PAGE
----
Ukraine • 1885−1979
The first woman to have her personal exhibition in the Louvre. The fashion queen, who made the dresses and cars of Parisians her canvases. Together with her husband she created the movement reflecting “the motion of colour in the light”. Sonia Delaunay got through a good, fruitful, vibrant and happy time.  How a Girl from Odesa Became a French Artist A small Jewish girl born on 14 November 1885 wasn’t Sonia Delaunay, but Sarah Stern. Everybody agrees with this fact, but other things are rather dubious. Half of sources inform of the town of Hradyzk in Poltava oblast to be Sarah’s birthplace, others say it was Odesa. The art expert Yevhen Demenok conducted a real detective investigation. He studied all her available biographies, gathered all the possible information, made the filing clerks of Poltava and Odesa do their best, and at last, he found evidences that indeed, Sarah Stern was born in Odesa (the letter from the book of births of the Odesan Rabbinate dated 1855 made things clear, because it contained the direct information about a female child Sarah born to Elias Stern and his wife Hannah).

We don’t know much about her childhood, and that’s the reason why we have such confusion. The girl lost her parents early, though her childhood can hardly be called unhappy. When she was five, her maternal uncle, the lawyer Henri Terk took her to St. Petersburg. That was also when she changed her last name. The girl who studied in gymnasia wasn’t Sarah Stern anymore, but Sonia Terk. The uncle pampered his niece, and on holidays, he set her off on a journey across Europe. Exactly during her trips to France, Italy, Germany Sonia understood she liked drawing more than anything else. Her art teacher affirmed she was talented in drawing, and that it had sense to develop her skills. When Sonia was 18 years old, her uncle sent her to the Academy of Fine Arts in Karlsruhe. Two years after, she moved to Paris (by some accounts, the book about Édouard Manet she read compelled her to do so) and entered the Académie de La Palette. Her teachers were Edmond Aman-Jean, Amédée Ozenfant, Dunoyer de Segonzac. Though, in her opinion, regular visits to the Paris museums made her more good.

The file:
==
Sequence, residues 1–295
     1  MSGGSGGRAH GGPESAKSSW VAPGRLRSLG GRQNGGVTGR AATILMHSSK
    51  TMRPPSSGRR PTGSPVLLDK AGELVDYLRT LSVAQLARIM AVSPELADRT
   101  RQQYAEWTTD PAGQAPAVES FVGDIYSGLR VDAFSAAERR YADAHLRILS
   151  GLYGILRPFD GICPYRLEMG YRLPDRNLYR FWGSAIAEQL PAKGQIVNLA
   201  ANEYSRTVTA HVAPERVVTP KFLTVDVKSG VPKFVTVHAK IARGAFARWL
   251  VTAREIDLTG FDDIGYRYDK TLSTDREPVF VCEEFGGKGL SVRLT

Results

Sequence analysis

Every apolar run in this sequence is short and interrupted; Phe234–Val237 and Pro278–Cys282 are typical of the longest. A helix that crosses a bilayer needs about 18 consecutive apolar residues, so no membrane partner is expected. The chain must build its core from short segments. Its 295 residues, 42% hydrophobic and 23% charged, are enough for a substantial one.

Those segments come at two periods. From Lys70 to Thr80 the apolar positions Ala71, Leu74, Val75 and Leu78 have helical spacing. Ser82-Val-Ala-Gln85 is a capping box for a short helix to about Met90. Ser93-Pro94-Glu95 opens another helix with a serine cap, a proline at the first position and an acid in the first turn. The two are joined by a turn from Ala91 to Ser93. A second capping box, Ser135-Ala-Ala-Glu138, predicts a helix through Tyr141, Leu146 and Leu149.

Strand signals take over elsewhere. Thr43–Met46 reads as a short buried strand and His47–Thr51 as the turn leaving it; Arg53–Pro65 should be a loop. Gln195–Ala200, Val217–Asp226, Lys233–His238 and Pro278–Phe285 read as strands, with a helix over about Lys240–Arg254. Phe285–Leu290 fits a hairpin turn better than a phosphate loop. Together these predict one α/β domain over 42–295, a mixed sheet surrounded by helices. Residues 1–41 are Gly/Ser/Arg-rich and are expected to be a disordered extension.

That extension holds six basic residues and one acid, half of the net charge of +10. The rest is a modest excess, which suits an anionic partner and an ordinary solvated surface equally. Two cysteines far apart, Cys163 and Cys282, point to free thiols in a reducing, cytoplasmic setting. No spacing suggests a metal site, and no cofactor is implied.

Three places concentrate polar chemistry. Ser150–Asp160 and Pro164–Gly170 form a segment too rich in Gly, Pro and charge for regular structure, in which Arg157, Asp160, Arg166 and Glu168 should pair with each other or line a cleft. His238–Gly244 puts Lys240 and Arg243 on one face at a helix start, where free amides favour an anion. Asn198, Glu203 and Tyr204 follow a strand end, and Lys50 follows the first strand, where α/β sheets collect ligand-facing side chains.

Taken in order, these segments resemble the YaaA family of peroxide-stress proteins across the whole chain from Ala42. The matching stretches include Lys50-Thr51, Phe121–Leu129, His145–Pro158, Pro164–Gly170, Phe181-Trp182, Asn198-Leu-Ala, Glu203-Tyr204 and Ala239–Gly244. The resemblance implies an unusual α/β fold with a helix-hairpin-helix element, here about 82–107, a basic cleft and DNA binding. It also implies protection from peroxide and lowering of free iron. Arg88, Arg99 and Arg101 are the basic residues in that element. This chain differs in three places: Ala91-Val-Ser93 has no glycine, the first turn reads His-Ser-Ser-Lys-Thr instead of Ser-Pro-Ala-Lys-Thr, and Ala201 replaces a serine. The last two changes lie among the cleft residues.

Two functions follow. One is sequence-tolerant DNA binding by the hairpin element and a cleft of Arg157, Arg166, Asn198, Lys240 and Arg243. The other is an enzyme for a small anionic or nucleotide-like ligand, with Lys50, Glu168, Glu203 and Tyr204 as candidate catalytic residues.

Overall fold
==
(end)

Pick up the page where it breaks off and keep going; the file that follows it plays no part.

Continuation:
In Sonia’s early paintings, the influence of Van GoghGauguin and Henri Rousseau can be seen. She borrowed the freshness of colour from «wild» fauves Matisse and Derain (1, 2).

In 1908, Sonia Terk married a German art expert and gallery owner Wilhelm Uhde. It was the marriage of convenience. Close relationship with the gallery owner were useful for the beginning artist, besides her foster-parents insisted on Sonia’s return to St. Petersburg and “managing her love”, which by no means attracted her. What about Uhde, the marriage helped him to dispel the rumours about his homosexuality. Their marriage didn’t last long, so two years later Sonia and Uhde got divorced, and she married the beginning abstract painter Robert Delaunay, being already pregnant by him. And that’s how the name that we know today, Sonia Delaunay, appeared. By the way, it was Uhde, who introduced her to Robert, maintained good relationship with Delaunay couple for life and organized their exhibitions with great pleasure. Simultanism – Circles, Colour, Light, Simultaneity The second marriage turned to be a lifelong alliance. Some researchers consider, that Robert made Sonia the one she was, but such statement is absolutely wrong. By the time she met Robert, Sonia had already painted Philomene, Sleeping Girl, Yellow Nude.

Before she met Robert, she already had a good sense of colour, stroke audacity, as well as repercussion of MatisseGauguin and early Picasso.

That’s why, it’s better not to take an argument too far, trying to find out, who of the couple had greater influence on his spouse. Sonia commented, “He gave me shape, I gave him colour”, it is absolutely fair and enough to believe.

First, a son Charles (who became one of the most influential researches and popularisers of jazz) was born to the young family, and a little bit later, in 1912-1913, simultanism became their second “child”. This term comes from the Latin word simul, which means together, simultaneously. Art dictionaries inform that this is “a combination of asynchronical and multi-structural moments in one picture”. According to Sonia and Robert, simultanism is the reflection of the colour motion in the light.